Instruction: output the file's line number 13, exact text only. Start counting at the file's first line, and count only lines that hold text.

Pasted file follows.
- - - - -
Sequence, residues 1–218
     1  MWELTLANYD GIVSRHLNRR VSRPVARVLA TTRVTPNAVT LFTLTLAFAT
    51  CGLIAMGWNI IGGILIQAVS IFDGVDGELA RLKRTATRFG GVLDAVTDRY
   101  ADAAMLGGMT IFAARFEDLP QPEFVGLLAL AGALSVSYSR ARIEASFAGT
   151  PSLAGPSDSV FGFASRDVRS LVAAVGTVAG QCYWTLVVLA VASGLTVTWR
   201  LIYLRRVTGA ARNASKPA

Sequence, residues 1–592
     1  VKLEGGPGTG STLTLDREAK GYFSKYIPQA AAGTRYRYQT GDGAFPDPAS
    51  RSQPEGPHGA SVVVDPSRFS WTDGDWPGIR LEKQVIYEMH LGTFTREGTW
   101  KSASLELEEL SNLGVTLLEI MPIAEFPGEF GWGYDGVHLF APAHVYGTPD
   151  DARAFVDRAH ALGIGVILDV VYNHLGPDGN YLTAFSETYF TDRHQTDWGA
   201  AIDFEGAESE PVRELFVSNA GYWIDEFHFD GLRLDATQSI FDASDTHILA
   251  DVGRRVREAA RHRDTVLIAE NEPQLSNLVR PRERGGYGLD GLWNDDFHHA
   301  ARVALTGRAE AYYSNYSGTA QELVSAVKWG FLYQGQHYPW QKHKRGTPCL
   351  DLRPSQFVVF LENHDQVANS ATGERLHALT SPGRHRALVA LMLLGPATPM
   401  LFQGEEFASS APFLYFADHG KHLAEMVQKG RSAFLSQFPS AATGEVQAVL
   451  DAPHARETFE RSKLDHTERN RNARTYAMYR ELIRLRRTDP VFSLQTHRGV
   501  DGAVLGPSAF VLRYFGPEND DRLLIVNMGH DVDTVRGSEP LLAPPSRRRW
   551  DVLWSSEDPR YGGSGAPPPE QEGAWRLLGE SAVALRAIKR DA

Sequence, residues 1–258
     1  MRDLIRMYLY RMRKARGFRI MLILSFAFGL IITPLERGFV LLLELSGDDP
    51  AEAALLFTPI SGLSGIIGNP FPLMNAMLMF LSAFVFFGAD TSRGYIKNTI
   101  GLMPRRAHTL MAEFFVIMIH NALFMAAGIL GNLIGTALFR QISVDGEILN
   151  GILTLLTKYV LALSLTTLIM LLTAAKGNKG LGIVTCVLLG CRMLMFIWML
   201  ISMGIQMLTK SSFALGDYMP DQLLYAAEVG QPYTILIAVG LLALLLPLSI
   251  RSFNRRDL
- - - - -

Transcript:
   251  DVGRRVREAA RHRDTVLIAE NEPQLSNLVR PRERGGYGLD GLWNDDFHHA